After the most chaotic week of his career, Bears coach Matt Nagy tried to relax — at least as much as any coach can during the season. He tried to balance work and family time during the weekend.
‘‘Everybody needs to have that,’’ he said. ‘‘At the same time, [my wife and kids] joke because your mind never shuts down, no matter what you say or what you think.’’
The compromise? Nagy tried to watch film and work on his game plan for the 9-2 Cardinals early in the morning, late at night or both — when he was the only one awake in the house.
‘‘That’s when you can steal some time and not get yelled at for it,’’ he said with a smile.
On Monday, Nagy was eager to turn the page from a week marked by questions about whether the Bears would make him the first coach they’ve ever fired in-season. He got messages of support from friends this past weekend — ‘‘They’ll let you know, ‘Hey, we got ya,’ ’’ he said — and focused on preparing for one of the best teams the Bears have faced all season.
And a playoff race. Seriously. Well, maybe. Kind of.
In a statement that speaks more to the ridiculous parity in the NFL than the Bears’ standing, Nagy’s 4-7 team is only one game behind the Vikings, who are the No. 7 seed in the NFC wild-card race.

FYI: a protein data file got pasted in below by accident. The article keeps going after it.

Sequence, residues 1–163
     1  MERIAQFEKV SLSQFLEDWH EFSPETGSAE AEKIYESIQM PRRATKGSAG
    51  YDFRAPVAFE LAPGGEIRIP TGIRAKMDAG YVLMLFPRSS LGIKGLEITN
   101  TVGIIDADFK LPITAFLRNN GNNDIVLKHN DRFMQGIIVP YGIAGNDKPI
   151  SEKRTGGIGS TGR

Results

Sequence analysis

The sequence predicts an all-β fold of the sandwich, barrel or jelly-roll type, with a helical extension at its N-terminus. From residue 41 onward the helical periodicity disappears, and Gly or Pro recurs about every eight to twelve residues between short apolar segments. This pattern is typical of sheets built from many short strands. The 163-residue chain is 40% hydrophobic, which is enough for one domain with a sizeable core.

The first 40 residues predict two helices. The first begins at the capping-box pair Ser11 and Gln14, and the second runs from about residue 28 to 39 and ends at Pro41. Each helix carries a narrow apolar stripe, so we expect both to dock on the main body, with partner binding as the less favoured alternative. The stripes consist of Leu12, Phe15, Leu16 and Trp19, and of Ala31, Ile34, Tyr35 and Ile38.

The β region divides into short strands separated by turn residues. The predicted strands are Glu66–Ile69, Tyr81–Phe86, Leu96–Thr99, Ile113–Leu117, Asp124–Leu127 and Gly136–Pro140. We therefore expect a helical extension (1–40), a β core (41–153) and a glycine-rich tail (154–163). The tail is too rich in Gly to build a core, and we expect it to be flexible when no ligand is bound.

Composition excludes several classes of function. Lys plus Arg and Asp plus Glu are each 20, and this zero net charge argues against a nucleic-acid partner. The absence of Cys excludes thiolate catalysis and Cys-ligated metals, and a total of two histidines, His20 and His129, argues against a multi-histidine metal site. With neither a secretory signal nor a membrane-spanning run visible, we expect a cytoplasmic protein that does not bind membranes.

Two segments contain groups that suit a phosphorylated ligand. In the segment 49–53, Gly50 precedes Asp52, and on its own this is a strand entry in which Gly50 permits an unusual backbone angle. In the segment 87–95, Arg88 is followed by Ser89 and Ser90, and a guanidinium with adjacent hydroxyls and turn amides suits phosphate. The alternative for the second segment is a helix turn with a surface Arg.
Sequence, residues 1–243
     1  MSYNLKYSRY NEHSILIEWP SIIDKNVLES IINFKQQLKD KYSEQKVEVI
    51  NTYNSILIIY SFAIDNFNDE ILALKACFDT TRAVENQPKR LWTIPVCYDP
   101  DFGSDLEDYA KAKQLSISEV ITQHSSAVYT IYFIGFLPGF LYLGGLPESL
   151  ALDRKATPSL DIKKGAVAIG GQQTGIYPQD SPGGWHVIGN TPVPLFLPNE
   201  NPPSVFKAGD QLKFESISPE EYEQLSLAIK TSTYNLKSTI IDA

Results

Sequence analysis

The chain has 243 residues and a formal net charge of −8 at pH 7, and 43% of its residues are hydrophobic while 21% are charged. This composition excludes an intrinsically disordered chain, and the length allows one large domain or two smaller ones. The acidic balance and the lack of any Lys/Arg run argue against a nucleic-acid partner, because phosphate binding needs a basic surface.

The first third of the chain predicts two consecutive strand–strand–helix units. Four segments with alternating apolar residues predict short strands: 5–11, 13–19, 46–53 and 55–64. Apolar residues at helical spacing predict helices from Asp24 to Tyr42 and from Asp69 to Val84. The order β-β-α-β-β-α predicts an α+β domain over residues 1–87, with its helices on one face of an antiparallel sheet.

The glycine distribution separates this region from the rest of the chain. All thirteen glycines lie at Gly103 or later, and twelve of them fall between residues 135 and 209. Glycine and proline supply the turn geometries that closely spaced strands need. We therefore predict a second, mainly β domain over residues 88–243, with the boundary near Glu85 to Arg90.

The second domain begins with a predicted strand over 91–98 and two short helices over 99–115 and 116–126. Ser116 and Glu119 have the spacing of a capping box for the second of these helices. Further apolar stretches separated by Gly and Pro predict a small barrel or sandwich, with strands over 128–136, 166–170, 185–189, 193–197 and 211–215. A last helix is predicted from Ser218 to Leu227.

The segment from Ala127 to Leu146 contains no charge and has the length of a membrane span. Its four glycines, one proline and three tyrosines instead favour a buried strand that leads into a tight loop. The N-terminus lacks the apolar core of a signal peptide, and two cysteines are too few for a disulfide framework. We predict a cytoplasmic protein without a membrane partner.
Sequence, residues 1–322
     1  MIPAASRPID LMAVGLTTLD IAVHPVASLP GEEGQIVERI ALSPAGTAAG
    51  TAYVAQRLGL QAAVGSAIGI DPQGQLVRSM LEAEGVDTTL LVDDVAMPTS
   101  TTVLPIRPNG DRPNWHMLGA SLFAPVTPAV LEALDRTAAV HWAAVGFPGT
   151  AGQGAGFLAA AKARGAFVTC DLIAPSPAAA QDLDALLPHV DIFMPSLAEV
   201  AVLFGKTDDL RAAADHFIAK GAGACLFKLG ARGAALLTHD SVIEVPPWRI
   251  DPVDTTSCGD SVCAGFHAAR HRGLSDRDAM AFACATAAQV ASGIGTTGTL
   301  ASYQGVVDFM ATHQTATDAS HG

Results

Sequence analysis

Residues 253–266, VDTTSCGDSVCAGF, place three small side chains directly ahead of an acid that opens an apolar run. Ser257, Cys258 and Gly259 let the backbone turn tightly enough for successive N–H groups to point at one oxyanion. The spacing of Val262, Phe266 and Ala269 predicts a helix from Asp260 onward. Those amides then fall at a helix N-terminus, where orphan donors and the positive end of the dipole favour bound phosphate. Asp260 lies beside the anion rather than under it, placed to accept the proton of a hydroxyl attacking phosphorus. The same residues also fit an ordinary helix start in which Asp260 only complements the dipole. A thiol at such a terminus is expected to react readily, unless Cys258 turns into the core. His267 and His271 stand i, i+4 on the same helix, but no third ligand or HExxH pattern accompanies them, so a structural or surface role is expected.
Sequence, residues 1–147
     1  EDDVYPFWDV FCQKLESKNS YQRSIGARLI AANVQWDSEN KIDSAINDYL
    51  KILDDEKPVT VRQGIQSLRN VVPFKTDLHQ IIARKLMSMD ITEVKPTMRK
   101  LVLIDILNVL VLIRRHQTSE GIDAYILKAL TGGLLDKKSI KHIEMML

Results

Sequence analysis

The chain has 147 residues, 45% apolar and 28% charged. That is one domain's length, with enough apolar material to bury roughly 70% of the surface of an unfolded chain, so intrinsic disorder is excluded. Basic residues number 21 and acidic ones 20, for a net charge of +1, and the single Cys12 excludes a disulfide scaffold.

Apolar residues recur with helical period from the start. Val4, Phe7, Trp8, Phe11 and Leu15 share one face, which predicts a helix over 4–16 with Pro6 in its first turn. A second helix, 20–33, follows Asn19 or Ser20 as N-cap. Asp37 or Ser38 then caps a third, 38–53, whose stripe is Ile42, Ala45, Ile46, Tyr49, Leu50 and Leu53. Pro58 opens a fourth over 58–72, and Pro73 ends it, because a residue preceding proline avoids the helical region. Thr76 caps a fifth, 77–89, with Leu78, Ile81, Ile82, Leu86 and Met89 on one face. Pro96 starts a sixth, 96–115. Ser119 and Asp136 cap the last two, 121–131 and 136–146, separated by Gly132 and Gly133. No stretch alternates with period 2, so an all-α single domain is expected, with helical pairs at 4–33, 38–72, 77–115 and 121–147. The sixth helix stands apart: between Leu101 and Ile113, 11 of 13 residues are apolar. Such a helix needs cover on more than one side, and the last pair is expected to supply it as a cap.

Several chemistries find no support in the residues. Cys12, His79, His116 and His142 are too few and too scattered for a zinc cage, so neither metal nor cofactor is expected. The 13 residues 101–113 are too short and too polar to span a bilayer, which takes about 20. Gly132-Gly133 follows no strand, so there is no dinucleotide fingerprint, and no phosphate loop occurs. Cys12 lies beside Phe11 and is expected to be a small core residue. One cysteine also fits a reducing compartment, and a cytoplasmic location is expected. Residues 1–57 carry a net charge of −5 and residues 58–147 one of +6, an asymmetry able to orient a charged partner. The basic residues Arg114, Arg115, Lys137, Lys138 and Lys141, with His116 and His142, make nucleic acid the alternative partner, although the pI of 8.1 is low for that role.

But even if they somehow get hot, the Bears — who play the Vikings twice in the final month of the season — would have to jump over half the teams in their conference to reach the playoffs. Entering Monday, the Bears were one of eight NFC teams with six or seven losses.
To his credit, Nagy wasn’t about to start framing his team as a playoff contender. The Bears, after all, needed a field goal at the gun against the winless Lions to stop a five-game losing streak.
The Cardinals, conversely, would get the bye as the NFC’s No. 1 seed if the playoffs started today. They also are coming off a bye.
‘‘This isn’t coach talk, but we need to — let’s win this game and then let’s get on a two-game winning streak,’’ Nagy said. ‘‘Let’s have a little streak here. If you go out and you play a great game and you beat a great team like the Cardinals, that can do [a lot] for your confidence and your belief. And then all of that other stuff handles itself because there are a lot of teams in that mix, and there are a lot of things we can’t control. What we can control is winning on Sunday.’’
Nagy said he hopes the Bears cleared a hurdle by winning their first game in 46 days against the Lions.
‘‘When you break that losing streak, the mentality, it just helps you,’’ he said. ‘‘That’s just natural. You feel better about it, no matter how it comes.
‘‘And so to see that you’re one game out, with all of those teams that are in that mix for that last spot . . . if you’re a competitor, you care about that.’’
It’s enough to make Nagy lament the Bears’ close losses to the Steelers and Ravens, even though he was quick to say every team in the league can say something similar.
‘‘The ifs don’t matter,’’ Nagy said. ‘‘We didn’t win those; we lost them. And so no matter how we lose them, no matter how we win, our record right now is 4-7, and the goal is to be 5-7.’’